Of course, YouTube fans don’t have to meet their idols to interact with them. The company, which is owned by Google, actively encourages its families to engage in the comments section. This can mean that kids could be exposed to a lot of opinions that even adults find hard to negotiate. “Even in the beginning, people would leave really rude comments,” Kristine of Family Fun Pack has said. “Really disturbing things.” She never knew how seriously to take them. “Is this a kid or a legitimate adult? You never really know.” The Eh Bee parents don’t allow their kids to be online unless they are in the room with them.

Even when parents’ nurturing skills are perfectly appropriate, anonymous commenters can make painful situations worse. After Caleb LeBlanc died in October 2015 of an undiagnosed heart condition at the age of 14, the Internet swirled with speculation about the “real” cause of his demise. His family, known on YouTube as Bratayley (2.4 billion video views), not only had to deal with shock and grief, but had to process why so many people were suspicious of the parents. (The Maryland state medical examiner’s office confirmed that the death was due to a previously undiagnosed heart condition.) The family still vlogs regularly, because, they say, they want “to be celebrating life.”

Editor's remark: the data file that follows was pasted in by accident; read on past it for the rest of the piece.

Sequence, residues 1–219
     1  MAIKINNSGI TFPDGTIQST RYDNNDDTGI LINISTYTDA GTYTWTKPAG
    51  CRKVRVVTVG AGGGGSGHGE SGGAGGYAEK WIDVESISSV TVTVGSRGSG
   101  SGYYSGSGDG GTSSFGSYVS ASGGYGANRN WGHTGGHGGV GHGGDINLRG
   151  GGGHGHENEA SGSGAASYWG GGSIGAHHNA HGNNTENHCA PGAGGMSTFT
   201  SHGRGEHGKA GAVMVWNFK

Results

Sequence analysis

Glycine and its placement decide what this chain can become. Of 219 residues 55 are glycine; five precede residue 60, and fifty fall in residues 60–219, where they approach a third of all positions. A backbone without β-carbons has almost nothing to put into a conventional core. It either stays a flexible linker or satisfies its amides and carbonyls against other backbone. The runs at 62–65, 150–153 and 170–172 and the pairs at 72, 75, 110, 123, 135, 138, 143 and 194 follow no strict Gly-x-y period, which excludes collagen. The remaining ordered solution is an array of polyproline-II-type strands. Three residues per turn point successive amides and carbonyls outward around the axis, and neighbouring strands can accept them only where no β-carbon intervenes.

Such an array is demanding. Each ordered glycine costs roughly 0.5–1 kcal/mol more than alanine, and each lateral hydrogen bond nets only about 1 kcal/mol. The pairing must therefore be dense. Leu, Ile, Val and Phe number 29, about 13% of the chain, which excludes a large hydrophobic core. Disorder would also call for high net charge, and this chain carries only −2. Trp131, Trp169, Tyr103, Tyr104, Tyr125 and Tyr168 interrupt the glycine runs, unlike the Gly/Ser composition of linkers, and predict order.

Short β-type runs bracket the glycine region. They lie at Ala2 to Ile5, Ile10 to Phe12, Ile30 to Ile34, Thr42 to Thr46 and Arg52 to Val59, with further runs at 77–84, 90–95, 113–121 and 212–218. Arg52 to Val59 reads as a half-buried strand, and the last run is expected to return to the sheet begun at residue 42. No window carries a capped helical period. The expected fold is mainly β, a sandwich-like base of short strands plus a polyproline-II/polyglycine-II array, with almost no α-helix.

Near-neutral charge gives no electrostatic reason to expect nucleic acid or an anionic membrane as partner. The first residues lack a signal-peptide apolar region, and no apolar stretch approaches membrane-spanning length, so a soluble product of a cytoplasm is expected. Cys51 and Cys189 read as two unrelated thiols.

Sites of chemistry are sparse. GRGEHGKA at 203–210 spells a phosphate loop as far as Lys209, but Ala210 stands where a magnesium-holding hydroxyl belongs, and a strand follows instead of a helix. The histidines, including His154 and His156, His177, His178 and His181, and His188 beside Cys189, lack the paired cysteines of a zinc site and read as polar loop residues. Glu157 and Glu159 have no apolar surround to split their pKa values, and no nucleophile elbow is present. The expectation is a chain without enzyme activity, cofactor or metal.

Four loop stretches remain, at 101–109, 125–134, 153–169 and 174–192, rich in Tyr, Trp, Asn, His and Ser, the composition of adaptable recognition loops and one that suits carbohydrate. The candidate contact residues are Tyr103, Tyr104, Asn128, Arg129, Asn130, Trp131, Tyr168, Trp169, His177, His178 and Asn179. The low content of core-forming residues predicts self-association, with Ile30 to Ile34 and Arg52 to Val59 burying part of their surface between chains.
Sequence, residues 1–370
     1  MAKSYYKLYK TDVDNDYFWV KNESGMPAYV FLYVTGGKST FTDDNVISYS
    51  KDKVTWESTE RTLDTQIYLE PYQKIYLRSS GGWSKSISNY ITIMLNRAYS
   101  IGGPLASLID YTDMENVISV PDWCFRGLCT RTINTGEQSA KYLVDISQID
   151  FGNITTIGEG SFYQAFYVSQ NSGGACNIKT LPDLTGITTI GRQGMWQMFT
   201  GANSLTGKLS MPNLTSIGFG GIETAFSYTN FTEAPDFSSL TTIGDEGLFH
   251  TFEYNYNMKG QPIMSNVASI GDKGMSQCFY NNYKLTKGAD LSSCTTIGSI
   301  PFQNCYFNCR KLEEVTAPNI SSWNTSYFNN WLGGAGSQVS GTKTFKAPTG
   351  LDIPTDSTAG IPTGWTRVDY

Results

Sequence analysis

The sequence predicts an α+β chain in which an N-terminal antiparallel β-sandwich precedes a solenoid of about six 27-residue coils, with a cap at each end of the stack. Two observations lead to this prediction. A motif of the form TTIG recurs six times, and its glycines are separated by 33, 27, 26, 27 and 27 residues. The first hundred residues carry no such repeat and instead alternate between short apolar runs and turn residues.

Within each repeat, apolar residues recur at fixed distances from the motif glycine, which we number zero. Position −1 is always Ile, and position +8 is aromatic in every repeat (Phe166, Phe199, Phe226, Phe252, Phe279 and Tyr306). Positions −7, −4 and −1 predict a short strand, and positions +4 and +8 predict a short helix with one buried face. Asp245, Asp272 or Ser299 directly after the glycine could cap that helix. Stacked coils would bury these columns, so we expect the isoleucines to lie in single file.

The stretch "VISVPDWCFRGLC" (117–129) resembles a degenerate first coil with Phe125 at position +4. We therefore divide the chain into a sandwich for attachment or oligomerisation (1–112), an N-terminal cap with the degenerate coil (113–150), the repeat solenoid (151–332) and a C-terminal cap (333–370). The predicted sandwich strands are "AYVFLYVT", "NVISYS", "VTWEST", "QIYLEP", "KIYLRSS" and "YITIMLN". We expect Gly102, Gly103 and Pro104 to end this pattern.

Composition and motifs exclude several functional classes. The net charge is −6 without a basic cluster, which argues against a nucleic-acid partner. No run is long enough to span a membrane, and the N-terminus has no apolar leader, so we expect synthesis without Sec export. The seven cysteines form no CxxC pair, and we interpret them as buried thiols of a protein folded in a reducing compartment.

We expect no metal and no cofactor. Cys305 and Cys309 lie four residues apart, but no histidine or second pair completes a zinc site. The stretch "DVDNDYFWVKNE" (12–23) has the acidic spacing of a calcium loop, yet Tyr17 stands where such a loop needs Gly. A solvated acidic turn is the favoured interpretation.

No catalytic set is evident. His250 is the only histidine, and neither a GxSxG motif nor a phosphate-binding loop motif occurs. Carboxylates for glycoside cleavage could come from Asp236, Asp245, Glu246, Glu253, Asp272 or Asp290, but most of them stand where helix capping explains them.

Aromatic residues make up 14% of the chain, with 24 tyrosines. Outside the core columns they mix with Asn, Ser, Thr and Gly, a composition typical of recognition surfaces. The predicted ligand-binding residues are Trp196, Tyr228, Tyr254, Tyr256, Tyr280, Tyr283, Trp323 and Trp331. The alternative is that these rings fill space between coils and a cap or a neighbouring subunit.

Despite the drawbacks, experts are cautious about criticizing what could just be family scrapbooking writ large. “The effect of fame on children is hard to discern,” says Alan Kazdin, director of the Yale Parenting Center, pointing to the social and material advantages that come with it. What famous families sacrifice may be worth less than what they gain. Many of them eventually post a video of their new house. And the Eh Bee family is about to set off on their second trip around the U.S., courtesy of an allergy medication.

And perhaps that, in the end, is what makes family vlogging so irresistible, despite the potential downsides. It forces people to create a more interesting life for the camera. As Missy Lanning, a mother of two and the matriarch of Daily Bumps said in a video of her family’s many adventures, “Because we daily vlog, we have chosen to live our life to the fullest, and it’s awesome.”

Daily Bumps: The vlog of Bryan and Missy Lanning grew out of their infertility struggle; they now have two kidsYoutube